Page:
How To Deal With People Who Aren't Supportive Of Your Sobriety

 photo i took at the fort myers beach sand sculpting championships

photo i took at the fort myers beach sand sculpting championships

I got sober and now everyone should be happy. Look at me, I'm awesome. This shit is hard and I deserve support. Sound familiar? I think we have all gone through this stage at some point in our sobriety. And if you haven't yet, chances are you might.

When I got sober I thought everyone would be happy for me and support me, but that was not the case. Not everyone understood my decision to get sober. Some people's reactions surprised me, some did not, and some just couldn't deal with seeing me sober because that would mean they would need to look at their own drinking and using habits. It's hard not to take these factors personally. It's also hard to believe anyone wouldn't want to support you on making a healthy life decision, like choosing not to use drugs or drink anymore. But it still happens.

I've received some messages and emails about this subject lately and wanted to address the question:

So how do you deal with people who aren't supportive of your sobriety?

Here is my advice:

1. Are they harassing you to drink?

It's not uncommon for me to receive messages from people who say they don't know what to tell their friends about not drinking. Let's face it, the peer pressure to drink in social situations is real and the last thing you want is to be put on the spot in public by someone you know. If your friends are harassing you to drink, let's take a step back and look at this. Do they know you quit drinking? If they still harass you when they know you've quit drinking that seems extremely insensitive to me. I had a good friend who offered me wine when I was 7 months sober. I declined and was a bit surprised since she knew how hard I was working at being sober. She then proceeded to try to sway me by telling me about the anti-oxidant effects and other benefits red wine can have on the body. What?!? I was insulted. It was imperative for me to separate myself from this person because she didn't understand the importance of sobriety to me.

2. Check your interests. Do you really have anything in common?

I've found that the people who are unsupportive of my sobriety aren't necessarily people I want to be around. Some of them were people I only drank and partied with and once that common interest was taken away, we didn't really have anything in common. Others were people I thought were good friends, but once I had a clear head and my morals and values became clear to me again, I saw that ours didn't really line up. It's hard to justify being around people who do illegal things, are unsupportive, or are just all around jackasses once you're sober. In the beginning I tried to continue to be friends with everyone, but after awhile I couldn't keep it up and it didn't make sense to.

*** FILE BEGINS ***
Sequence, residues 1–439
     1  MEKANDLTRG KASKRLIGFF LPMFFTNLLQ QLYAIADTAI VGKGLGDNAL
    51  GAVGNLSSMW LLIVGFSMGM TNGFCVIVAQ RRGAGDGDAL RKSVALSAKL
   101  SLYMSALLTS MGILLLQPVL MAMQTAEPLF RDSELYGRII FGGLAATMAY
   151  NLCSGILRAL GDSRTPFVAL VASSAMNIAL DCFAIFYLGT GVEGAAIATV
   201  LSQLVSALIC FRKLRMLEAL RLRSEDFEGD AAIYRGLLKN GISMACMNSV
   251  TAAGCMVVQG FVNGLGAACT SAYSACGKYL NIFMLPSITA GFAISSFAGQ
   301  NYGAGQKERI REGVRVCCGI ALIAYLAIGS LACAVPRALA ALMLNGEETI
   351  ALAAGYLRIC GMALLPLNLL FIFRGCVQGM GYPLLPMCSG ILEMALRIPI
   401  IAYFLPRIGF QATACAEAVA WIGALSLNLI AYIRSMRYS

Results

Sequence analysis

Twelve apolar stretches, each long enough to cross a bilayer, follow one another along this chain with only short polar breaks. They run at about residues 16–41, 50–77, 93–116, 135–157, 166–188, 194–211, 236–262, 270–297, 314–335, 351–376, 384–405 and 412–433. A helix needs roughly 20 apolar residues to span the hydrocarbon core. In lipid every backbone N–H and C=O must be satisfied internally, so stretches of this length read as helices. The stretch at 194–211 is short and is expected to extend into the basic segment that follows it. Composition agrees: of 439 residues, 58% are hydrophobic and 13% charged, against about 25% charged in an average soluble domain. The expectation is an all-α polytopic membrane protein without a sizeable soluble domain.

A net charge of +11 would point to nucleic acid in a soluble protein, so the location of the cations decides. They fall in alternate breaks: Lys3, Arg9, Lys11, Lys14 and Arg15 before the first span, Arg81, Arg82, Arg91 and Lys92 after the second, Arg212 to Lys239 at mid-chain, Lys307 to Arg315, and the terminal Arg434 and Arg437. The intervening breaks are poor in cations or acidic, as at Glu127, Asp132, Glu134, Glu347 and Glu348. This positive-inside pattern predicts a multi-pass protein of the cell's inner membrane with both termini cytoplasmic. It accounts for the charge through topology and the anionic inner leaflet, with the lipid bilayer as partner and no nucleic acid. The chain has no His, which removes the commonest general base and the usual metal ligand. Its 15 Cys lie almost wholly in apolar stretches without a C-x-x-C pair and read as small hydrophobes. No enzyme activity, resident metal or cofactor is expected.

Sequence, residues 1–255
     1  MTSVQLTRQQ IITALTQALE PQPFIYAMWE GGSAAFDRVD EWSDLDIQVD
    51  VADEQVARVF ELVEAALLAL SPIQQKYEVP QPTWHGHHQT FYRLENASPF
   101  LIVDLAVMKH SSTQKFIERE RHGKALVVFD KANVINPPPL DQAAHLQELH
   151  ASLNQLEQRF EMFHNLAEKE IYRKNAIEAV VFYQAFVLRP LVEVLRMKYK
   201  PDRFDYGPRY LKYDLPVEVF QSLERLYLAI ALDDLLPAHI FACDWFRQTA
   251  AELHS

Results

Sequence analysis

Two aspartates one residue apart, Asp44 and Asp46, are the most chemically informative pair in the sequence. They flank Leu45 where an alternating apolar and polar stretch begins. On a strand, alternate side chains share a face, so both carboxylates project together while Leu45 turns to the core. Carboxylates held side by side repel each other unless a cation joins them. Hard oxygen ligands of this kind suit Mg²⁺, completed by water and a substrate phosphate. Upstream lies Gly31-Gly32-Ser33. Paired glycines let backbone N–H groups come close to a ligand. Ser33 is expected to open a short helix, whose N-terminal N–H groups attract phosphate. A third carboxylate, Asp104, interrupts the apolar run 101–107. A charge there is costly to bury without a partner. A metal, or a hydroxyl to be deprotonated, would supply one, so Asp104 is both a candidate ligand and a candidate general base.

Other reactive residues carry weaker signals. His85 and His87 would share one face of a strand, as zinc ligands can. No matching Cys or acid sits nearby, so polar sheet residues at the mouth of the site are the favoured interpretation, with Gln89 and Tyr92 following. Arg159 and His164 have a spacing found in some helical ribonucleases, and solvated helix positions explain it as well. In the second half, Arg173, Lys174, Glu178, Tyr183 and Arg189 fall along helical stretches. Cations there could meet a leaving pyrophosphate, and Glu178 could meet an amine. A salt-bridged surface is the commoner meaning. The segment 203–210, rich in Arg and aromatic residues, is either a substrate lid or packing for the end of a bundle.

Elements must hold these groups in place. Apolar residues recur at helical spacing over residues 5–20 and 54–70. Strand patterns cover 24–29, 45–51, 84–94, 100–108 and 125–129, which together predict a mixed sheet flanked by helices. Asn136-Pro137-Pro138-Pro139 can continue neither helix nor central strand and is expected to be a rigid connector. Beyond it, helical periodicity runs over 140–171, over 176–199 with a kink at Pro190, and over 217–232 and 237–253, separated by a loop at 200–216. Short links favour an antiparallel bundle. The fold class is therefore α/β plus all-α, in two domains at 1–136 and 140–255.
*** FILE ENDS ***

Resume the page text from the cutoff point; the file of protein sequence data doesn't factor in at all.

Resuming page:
3.  Don't take it personal.

I know, this is hard. I used to take EVERYTHING personal and I still consider myself to be a pretty sensitive human being. However, you must remember that if someone chooses to be unsupportive of a healthy decision you've made for your life, something is wrong inside of them, not you. It's not uncommon for people who are jealous of your new found lifestyle, or uneducated about it, or are wrapped up in drugs and alcohol themselves, to be unsupportive. This has nothing to do with you. These people are fighting an internal struggle. This is often the case for any person who outwardly acts mean, angry, or like a dick. We never know what's happening on the inside, some people are fighting a battle we know nothing about. I try my hardest to view these people with compassion.

4.  You don't need their approval to be happy and sober.

Please remember this! Your sobriety is no one else's but your own. It can be hurtful and discouraging to experience criticism or disregard, but in the end you are doing what's best for YOU. Self-care is important, especially in sobriety and this includes cutting unsupportive people out of your life. I know sometimes we can't cut people off completely, and there are some we probably shouldn't, but you can limit contact with them. The only person that needs your approval to be sober is you.

5.  Be honest.

I am a firm believer in honesty and authenticity. It's why I started talking about my sobriety in the first place. The trip I took where I had my last drink was with my group of high school girlfriends. We've been close for years and shortly after the trip that changed my life, I had to go home to Philly to attend one of their weddings. I was a month into my sobriety. I sent them all a group email a few days before the wedding apologizing for how I acted on our trip and I shared with them that I made the decision to abstain from alcohol. I was terrified sending that email. Luckily, they were all completely supportive, proud, and encouraging of me and my sobriety. I'm glad I was honest and told them that I had a problem with alcohol and was doing something about it. There's vulnerability in being honest, but there's also power. Some friends of mine made comments in the beginning that weren't completely supportive, but once I explained to them what I was feeling, they understood and changed their mindset. Maybe it's as simple as sending a short message or email.

Being sober is your own personal journey. If someone is putting something that important to you in jeopardy, it's time to think about releasing the toxicity and drama in your life, the same way you got rid of alcohol.

You deserve peace of mind. You deserve tranquility. You deserve sobriety.